Swiss engineers tending to Cameroon’s power grid

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• 29 June 2015

Cameroon’s power grid

EPFL has teamed up with Swiss and Cameroonian partners to address major issues like stabilizing the country’s existing grid, improving energy efficiency and developing hydroelectric potential.

Cameroonians call it ‘load-shedding.’ They are referring to ill-timed and never-ending power cuts. More than 70% of the population is not directly affected, however, because they are not even on the grid. For those on it, the grid’s unreliability is the root cause of numerous challenges, especially in hospitals.

These problems are the focus of concern for engineers from the University Research Center on Energy for Health Care (CURES), a joint laboratory between EPFL – represented by the EssentialTech programme of the Cooperation and Development Center (CODEV) – and the Yaoundé National Advanced School of Engineering (ENSP). The engineers’ conclusions are unequivocal: electrical equipment at hospitals is in poor shape, daily power cuts last up to three hours, electrical fires take place and power surges destroy household appliances. At peak hours, the grid does not generate enough electricity to run sterilizers, and the cuts even affect the lighting in operating theatres. Lives are at stake.

“Adaptable, sustainable and affordable solutions”

An in-depth study was carried out in the framework of the CROSS program. This programme, co-financed by EPFL and the University of Lausanne (UNIL), develops technological solutions with both socioeconomic and institutional dimensions. A system using batteries and inverters specially designed for tropical climates was developed and tested in the laboratory. During slack hours it stores up the energy required to meet the needs during peak hours or during power cuts and load-shedding. This solution also isolates and protects electrical equipment from sometimes destructive disruptions on the grid.

The total cost of this solution over 10 years – purchase, operations and maintenance – represents 14% of the average annual cost of a hospital’s energy supply. An economic model was used to study the possibility of financing the solution with the resulting savings, which stem in large part from the diesel fuel used for the generators. “The solutions that we come up with have to be adaptable, sustainable and affordable,” said Nicolas Crettenand, who just spent two years in Cameroon as EPFL’s chargé de mission. If the model is successful, hospitals in Cameroon and other developing countries will be able to function more effectively.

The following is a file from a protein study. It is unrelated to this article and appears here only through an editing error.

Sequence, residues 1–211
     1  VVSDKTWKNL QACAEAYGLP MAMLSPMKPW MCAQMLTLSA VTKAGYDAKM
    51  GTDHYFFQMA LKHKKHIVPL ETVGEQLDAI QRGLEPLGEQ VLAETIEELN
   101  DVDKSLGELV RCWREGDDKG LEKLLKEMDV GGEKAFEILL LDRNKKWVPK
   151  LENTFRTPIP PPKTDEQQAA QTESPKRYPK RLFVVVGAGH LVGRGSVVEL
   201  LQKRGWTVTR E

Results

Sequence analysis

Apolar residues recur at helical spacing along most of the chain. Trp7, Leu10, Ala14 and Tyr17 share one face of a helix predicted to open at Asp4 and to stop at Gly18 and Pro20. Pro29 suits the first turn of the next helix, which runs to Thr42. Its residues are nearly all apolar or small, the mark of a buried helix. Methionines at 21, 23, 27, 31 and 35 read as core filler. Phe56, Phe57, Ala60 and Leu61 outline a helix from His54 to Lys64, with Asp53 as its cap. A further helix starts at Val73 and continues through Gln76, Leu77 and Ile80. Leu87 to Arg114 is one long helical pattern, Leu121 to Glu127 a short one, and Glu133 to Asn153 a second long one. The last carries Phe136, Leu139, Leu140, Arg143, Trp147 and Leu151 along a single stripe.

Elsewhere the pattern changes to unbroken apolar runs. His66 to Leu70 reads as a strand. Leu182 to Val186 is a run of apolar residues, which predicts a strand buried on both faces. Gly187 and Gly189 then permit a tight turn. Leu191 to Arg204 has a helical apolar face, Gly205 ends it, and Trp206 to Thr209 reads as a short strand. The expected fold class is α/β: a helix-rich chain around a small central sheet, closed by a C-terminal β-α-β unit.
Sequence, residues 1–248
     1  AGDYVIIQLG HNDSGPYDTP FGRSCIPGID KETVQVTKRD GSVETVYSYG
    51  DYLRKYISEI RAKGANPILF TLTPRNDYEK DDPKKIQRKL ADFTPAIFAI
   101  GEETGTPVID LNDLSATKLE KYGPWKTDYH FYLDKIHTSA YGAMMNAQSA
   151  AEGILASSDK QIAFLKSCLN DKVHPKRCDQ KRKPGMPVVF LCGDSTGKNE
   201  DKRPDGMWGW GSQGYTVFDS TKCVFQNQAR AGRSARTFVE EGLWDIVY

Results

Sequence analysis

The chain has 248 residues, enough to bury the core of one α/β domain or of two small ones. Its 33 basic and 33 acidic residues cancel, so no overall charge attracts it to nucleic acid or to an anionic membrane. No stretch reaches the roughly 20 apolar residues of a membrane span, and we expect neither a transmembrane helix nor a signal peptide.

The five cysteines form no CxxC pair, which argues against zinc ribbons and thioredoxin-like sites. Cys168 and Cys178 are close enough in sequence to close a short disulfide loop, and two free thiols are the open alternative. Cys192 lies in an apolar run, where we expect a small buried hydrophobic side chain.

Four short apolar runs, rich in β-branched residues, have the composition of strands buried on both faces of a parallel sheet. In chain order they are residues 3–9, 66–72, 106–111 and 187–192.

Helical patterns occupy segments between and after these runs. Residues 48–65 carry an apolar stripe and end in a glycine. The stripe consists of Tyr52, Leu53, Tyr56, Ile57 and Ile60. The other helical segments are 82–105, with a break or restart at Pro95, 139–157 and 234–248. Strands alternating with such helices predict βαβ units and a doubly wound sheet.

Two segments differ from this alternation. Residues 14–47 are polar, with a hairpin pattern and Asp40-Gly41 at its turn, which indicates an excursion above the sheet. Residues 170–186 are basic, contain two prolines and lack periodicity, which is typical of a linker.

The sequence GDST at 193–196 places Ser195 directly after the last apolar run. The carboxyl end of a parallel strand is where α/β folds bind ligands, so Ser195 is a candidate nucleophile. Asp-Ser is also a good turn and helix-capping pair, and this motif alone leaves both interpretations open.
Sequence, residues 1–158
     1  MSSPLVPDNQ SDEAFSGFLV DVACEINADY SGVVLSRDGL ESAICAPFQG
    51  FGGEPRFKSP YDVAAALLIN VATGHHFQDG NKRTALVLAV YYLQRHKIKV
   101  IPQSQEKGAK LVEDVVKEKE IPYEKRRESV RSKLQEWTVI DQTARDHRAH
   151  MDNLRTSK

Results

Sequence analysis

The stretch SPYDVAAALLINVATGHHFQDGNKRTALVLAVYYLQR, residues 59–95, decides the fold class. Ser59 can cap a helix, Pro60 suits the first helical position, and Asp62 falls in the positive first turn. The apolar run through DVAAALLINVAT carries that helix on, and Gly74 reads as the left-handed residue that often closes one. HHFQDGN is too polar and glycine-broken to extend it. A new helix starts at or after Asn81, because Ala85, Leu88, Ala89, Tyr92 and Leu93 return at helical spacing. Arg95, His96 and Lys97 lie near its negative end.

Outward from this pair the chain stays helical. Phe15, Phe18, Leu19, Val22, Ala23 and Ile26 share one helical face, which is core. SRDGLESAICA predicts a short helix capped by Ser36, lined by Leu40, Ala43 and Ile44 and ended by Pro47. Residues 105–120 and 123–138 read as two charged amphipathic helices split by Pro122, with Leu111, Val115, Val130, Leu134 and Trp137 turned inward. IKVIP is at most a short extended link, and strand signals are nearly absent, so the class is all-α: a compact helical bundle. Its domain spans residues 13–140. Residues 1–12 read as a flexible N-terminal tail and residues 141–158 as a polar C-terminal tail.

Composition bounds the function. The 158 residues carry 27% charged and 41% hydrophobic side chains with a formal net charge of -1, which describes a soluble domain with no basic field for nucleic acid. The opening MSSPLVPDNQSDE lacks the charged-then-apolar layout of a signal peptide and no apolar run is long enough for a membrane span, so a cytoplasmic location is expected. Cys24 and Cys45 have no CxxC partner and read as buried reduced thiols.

Promoting Swiss know-how in hydroelectricity

Alongside this effort, EPFL is also engaged in an initiative at the national level to help develop the country’s hydroelectric power. Cameroon is one of four countries on the African continent with significant hydroelectric potential. 70% of electricity production in the country is already the result of hydropower, but that represents only 5% of the potential capacity of this energy source. At the same time, the electrification rate is 50% in cities and 5% in the countryside.

Academic and industry partners in Switzerland put together a consortium that is concentrating on small and medium-sized power stations. “At this stage, there is a serious shortage of power stations in Africa with capacity between several hundred kilowatts and several dozen megawatts, and this is a range in which Switzerland has special expertise,” said Crettenand, who ran this project as part of his mission with EPFL’s Energy Center.

The consortium aims to work, with local partners, in a spirit of integrated and sustainable development. “We want to develop projects in which hydropower complements other sources of renewable energies and, insofar as possible, provides ways to store energy in storage plants and pumped-storage stations. This type of storage helps with the technical regulation of the power grid and with developing small grids,” said the researcher. The consortium, still more of an interest group at this stage, hopes eventually to help alleviate the electricity problems, especially for the hospitals.

Image from jbdodane, Flickr

Article by Anne-Muriel Brouet, Mediacom – EPFL

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